Nature Notes: It's baby critter season!

Nature Notes: It's baby critter season!

From the sumptuous forests, lakes and prodigious wetlands of the inner Peninsula to the lush green margins of the bay, and all along the length of our wide, windy and truck-strewn beaches, young animals of all kinds are being born, some learning to fly, others taking their first wobbly steps.

It is no news to any of us that with more and more people moving to this little piece of heaven, our many beautiful and fragile wildlife species will face increasing difficulty with their parenting duties as their space, their habitat, their only home, grows smaller each season.

Parenting for these animals is tough enough even in the best of conditions. The law of survival keeps the growth rate for most species very low, and anything or anyone making their job even a little bit harder risks causing these animals to fail as parents.

Case in point. A little short guy up the block from the Wildlife Center decided that a whole swath of beautiful wild habitat from the highway to the beach dunes should look like a golf course fairway, so he mowed it all to the ground. Because it's now mid-May, the brush is full of birds' nests, pheasants, ducks, quail, grouse, sparrows, towhees, robins, small snakes, insects of all kinds, actually the whole complete food chain. Everything that was provided by Mother Nature, gone and at the prime wildlife season! It requires absolutely nothing at all to be completely out of touch.

There are many different things we can do to help ameliorate some of the pressure on these wildlife parents, and providing food and water is an excellent place to start. Wildlife parents use 100 percent of their reserves raising a family so providing clean fresh food and water really makes the difference. Providing cover, nesting boxes, feeding stations and secure areas (no trespassing signs) goes a long way towards the success of wildlife families.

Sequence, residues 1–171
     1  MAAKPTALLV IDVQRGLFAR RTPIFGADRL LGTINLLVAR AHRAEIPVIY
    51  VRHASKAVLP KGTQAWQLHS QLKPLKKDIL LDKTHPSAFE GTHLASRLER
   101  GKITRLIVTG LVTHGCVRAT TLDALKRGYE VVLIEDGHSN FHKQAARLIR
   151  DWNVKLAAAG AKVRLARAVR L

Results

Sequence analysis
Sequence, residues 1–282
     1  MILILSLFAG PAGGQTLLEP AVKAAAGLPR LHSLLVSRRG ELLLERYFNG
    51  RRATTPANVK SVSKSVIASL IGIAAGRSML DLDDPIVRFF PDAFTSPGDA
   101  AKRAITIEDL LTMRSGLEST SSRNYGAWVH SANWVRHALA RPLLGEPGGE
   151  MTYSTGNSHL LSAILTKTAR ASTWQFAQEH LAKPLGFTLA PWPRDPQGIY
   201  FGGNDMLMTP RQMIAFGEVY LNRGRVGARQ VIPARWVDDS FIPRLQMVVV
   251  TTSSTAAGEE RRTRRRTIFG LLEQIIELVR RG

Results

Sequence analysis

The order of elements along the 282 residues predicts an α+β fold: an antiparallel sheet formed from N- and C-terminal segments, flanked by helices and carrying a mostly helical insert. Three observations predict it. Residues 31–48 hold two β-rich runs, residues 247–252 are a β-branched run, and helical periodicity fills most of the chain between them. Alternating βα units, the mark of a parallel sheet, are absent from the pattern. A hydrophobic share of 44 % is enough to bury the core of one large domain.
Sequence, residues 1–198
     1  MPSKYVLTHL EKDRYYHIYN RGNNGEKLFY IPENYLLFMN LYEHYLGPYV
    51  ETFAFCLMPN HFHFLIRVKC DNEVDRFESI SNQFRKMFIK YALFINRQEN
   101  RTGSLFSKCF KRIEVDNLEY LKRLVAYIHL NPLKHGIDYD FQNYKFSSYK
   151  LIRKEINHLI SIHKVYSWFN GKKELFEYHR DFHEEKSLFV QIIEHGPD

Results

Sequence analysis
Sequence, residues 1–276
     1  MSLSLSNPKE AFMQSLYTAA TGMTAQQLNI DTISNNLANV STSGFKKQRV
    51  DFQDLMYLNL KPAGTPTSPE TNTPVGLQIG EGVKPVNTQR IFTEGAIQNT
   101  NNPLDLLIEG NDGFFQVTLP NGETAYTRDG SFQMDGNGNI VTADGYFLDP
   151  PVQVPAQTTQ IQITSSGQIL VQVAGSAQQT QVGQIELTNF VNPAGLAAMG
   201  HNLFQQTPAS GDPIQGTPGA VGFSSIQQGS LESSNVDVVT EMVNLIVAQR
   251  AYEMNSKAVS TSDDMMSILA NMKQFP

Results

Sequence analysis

It seems only fitting that if we are going to remove so much of these animals' homeland habitat, we could at the very least help them with the basics.

If you or yours find an injured animal or a young critter perhaps orphaned or sick, gather it up, place it in a secure box away from young children and pets and call us here at the Wildlife Center. We are able to save, treat and ultimately return to the wild most of the animals we receive, thanks in large part to all of the caring people who believe that wildlife should be given every opportunity to survive - so do we.

If you come across young seal pups on the beach, you must not disturb them. Please don't try to put them back into the water, attempt to feed them or in anyway try to rescue them (fishermen shoot seals everyday, but you will be fined for trying to help?!). YOU CAN help these babies by protecting them from beach drivers (two seals so far this year!) by placing driftwood or such nearby the pup so they have some small measure of protection. Call in the animal's condition and location to us, and we will contact the marine mammal stranding network and the Marine Fisheries agents. If a rescue is needed, they will be dispatched.

If you see anything that looks like harassment of these wildlife babies, please get license plate numbers, descriptions, etc. Call it in and together we can protect our remaining wildlife (24-hour toll-free Wildlife Harassment Reporting (800) 283-7808).

• Check out our new weekly nature movie at:!!.html

• Craig Sparks is director of NAWA, a filmmaker, freelance writer and wildlife rehabilitator.

• Found injured wildlife? Questions? Call the Wildlife Center at 665-3595 or send an e-mail to:

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